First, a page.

Elements of Turnout for Ballet Dancers

Ballet Dancers pic
Ballet Dancers
Image: jamiesondance.com

At the Linda Jamieson School of Dance, ballet students may study in either the recreational or the pre-professional program. Students are allowed into the pre-professional ballet program at the Linda Jamieson School of Dance by audition only. The pre-professional training follows the world-renowned Royal Academy of Dance curriculum.

For the ballet dancer, turnout refers to the rotation of the leg from hips to toes. It involves not only the ability to achieve rotation but also the strength to hold this position throughout an exercise or phrase. It starts with flexibility of the hips, which depends partially on such congenital factors as the natural outward angle of the femur and the lateral orientation of the hip socket opening.

Structure of the bones are not in a dancer’s control, but it is possible to strengthen the rotator muscles that allow the body to achieve its maximum turnout potential. Dancers may also work on increasing their ability to focus and control those muscles, so that they can maintain maximum rotation as long as possible.

At the same time, dancers must be careful not to force the result. It is a good thing to work toward maximum rotation throughout a class, but many dancers attempt to work beyond natural turnout and end up rolling in on the ankles. This can lead to injuries in the feet, the knees, and even the back, whereas maintaining alignment can keep a dancer performing safely for much longer.


The Movement Philosophy of Martha Graham

Martha Graham  pic
Martha Graham
Image: marthagraham.org

At the Linda Jamieson School of Dance, pre-professional students have the opportunity to learn contemporary technique. Contemporary dance training at the Linda Jamieson School of Dance begins at the grade two level and focuses on the styles of Martha Graham and Jose Limon.

Known as one of the founders of modern dance, Martha Graham developed an innovative technique that changed the rules of performance. She conceptualized dance as a way of translating the human experience into movement. Focused on examining and illuminating inner life, she created choreography that made the emotions manifest and infused every movement with meaning.

Martha Graham believed that technique and form allow the dancer to achieve the fullest possible range of expression. She taught her dancers to contract and release, which served as a representation of such inner conflicts as weakness versus strength and fear versus bravery. She envisioned the pelvis as the stable point in the body and the initiation point of movement, and she taught articulations and spirals with this concept in mind.

Ms. Graham emphasized full exploration of space and use of the floor. Falls became ventures into the unknown, as well as explorations of submitting to and battling against gravity, while work on the floor became a way of drawing energy from the environment.

Even today, the work of Martha Graham informs and supports the modern and contemporary dancer. Technique intersects with expression to create symbolic representations of life in the world, and the technique remains as relevant as it ever was.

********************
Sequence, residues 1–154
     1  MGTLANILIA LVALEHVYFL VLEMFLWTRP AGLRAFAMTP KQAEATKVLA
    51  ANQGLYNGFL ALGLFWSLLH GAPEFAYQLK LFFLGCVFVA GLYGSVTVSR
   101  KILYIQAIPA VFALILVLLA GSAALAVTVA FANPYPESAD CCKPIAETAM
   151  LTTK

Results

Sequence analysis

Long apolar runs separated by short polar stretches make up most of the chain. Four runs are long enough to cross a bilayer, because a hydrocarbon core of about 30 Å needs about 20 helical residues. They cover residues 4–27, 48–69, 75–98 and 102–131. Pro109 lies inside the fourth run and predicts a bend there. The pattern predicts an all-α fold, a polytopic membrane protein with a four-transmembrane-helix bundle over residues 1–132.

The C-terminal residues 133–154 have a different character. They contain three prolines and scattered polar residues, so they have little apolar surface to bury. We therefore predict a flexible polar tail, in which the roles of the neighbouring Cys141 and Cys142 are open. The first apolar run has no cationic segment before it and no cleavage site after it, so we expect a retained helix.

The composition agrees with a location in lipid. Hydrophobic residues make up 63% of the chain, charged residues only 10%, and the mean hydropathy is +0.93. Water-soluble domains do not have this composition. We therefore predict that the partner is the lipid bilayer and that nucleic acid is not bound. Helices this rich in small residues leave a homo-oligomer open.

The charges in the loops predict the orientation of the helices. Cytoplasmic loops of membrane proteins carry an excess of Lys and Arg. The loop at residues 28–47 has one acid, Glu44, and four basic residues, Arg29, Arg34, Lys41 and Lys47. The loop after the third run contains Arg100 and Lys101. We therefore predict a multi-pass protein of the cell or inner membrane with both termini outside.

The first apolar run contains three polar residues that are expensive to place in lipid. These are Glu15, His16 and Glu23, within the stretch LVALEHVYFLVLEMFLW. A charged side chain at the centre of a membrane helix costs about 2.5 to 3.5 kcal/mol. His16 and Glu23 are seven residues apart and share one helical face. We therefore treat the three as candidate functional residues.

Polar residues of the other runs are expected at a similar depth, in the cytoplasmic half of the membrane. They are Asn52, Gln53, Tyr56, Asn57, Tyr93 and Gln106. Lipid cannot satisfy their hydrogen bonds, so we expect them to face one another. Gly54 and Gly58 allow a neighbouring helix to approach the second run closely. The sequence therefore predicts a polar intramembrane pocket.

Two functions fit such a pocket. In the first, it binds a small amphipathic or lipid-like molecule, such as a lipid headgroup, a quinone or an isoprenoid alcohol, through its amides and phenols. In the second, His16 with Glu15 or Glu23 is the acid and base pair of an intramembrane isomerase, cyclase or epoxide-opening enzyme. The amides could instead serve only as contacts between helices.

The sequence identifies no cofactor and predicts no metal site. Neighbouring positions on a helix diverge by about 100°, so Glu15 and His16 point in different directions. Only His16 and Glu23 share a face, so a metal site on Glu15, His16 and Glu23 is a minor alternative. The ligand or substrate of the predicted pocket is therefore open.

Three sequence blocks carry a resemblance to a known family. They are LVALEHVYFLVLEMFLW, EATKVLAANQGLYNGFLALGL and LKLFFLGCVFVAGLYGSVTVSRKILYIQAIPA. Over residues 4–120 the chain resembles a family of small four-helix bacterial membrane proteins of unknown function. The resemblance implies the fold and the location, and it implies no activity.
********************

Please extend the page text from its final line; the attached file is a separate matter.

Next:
An Introduction to Performance Dance

Performance Dance pic
Performance Dance
Image: jamiesondance.com

The Linda Jamieson School of Dance is a Royal Academy of Dance studio located in Ottawa, Ontario. Each year, the Linda Jamieson School of Dance produces a number of high-quality dance performances, including works of classical ballet like The Nutcracker.

Performance dance, also known as concert dance, encompasses an array of dance styles that are traditionally performed before a live audience. Performance dance styles include belly dancing, hip hop, and ballet. Sub-styles of performance dance, meanwhile, include lyrical and contemporary.

The different styles of performance dance can vary greatly. For example, classical ballet is often associated with narrative performances such as The Nutcracker and Swan Lake. Hip hop dancing, by comparison, can range from highly choreographed team dances to individual free-style and break dancing.

Tap and jazz are further examples of popular performance dance styles. Like ballet and hip hop, both tap and jazz involve dance routines set to a musical score or soundtrack. Dance studios that offer classes in performance dance typically cover multiple styles of dance.

A Brief Overview of Social Dance


The Linda Jamieson School of Dance, a member of the Royal Academy of Dance, has provided professional-level training to international dance students for more than three decades. A number of the school’s students have gone on to enjoy success across various styles of dance, from classical ballet to Broadway. For more information on the Linda Jamieson School of Dance, visit www.jamiesondance.com.

Among the thousands of unique dance styles, one could argue that the art of social dance is one of the most popular, if not the most widely practiced. Social dance styles, including line dancing, salsa, swing dancing, and ballroom dancing, are not only performed by professionals at competitions and as part of live performances, but also by armatures at social events or in casual settings.

Freestyle dancing is perhaps the best example of a social dancing. Popularized nearly six decades ago, “freestyle” is a term attributed to any dance that lacks a set pattern of footwork and lacks choreographed contact between partners. Certain moves and steps may be associated with a specific freestyle dance, but individuals can implement and arrange these moves in any number of ways. The vast majority of dancing that occurs at nightclubs or public dances would be considered freestyle dancing.